David Cronenberg | 84 mins | streaming (HD) | 1.85:1 | Canada / English | 18 / R
James Woods is the owner of a trash TV station who’ll do pretty much anything for ratings. His hunt for the next ‘big’ thing leads him to come across the signal for a channel that shows just one bizarre, disturbing programme. Obsessed with finding out the truth behind it, he gets suckered in to a conspiracy that blurs the line between reality and imagination.
To look at things ass-backwards, my first exposure to the work of writer-director David Cronenberg was his 1999 movie eXistenZ, a thriller about people in a virtual reality video-game where the line between what’s real-life and what’s the game gets blurred. It’s fair to say that both that and Videodrome play on similar ideas at times. Both are also ultra prescient, in their way: for eXistenZ, immersive virtual reality games are now starting to become reality, with the Oculus Rift ‘n’ all that (there endeth my knowledge of such things); for Videodrome, even though it’s 32 years old and the tech being depicted is similarly dated, its fears about the influence of the media and the changes it brings to society could’ve been shot yesterday.
These thought-provoking themes are in part conveyed through Cronenberg’s familiar stomping ground of body horror, with top-drawer prosthetics giving tangible visual life to nightmarish ideas. OK, they’re clearly rubber and silicone and plastic and whatever, but the fact they’re there on set, that they’re genuinely one with the actors, not painted over the top later by a computer, that they’re pliable and squidging for real… it’s much more effective, more unsettling, more horrific than computer effects have yet managed.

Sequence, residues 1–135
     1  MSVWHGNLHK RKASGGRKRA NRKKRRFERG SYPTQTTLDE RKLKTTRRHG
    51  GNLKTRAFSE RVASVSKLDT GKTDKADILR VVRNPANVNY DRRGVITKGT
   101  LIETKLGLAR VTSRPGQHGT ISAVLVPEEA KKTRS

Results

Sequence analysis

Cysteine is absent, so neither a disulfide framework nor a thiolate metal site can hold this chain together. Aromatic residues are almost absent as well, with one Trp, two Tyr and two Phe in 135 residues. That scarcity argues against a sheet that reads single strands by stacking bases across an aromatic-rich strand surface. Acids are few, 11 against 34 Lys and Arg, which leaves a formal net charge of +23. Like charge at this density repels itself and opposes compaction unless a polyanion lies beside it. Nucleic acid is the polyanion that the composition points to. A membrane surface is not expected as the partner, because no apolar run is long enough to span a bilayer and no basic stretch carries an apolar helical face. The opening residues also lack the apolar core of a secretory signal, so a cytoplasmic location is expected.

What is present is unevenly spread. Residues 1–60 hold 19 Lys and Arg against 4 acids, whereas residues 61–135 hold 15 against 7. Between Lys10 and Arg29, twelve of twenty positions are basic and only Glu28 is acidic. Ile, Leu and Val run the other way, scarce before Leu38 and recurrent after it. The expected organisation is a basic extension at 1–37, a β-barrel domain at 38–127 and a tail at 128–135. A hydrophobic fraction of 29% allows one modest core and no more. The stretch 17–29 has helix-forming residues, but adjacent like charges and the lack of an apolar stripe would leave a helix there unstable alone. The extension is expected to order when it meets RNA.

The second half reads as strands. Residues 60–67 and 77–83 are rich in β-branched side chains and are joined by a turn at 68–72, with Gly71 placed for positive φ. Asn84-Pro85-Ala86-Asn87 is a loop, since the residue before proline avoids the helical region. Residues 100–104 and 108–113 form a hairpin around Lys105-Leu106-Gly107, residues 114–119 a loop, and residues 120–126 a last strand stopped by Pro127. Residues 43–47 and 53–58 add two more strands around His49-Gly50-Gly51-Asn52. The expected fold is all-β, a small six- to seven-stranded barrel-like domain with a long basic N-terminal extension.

I guess for some people the “ew”-inducing effects are the primary delight of the film. These are the kind of people who complain about the UK version being cut. In truth, this is actually the originally-released R-rated version; the so-called Director’s Cut adds just over a minute. Having read about what’s added (all of a few seconds here and there), it sounds like no great shakes, to be honest. I’m all for releasing movies uncut and as intended by the director, but really, some people get too hung up on some of these details. (For what it’s worth, Arrow’s new UK Blu-ray is the longer cut.)
Trims or not, the movie’s themes remain intact. They gave me the sense that Cronenberg wasn’t entirely sure where to go with them — the film descends into a kind of dream logic, fumbling around for a way forward and coming to a somewhat inconclusive ending. That, too, is likely part of the charm for some people. I wasn’t wholly sold.
At worst, though, Videodrome is certainly an experience; one that, over three decades on, still has plenty to say about our consumption of and reliance on the media.
Videodrome is released as a limited edition dual-format Blu-ray by Arrow Video on Monday.